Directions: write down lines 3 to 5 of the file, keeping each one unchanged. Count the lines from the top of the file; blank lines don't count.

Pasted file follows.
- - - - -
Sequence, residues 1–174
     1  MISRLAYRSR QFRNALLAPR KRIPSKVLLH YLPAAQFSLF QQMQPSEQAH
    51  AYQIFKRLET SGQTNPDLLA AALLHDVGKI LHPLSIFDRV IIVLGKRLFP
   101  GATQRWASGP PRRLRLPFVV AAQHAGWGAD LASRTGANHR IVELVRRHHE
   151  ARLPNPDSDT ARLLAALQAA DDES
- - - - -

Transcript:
    51  AYQIFKRLET SGQTNPDLLA AALLHDVGKI LHPLSIFDRV IIVLGKRLFP
   101  GATQRWASGP PRRLRLPFVV AAQHAGWGAD LASRTGANHR IVELVRRHHE
   151  ARLPNPDSDT ARLLAALQAA DDES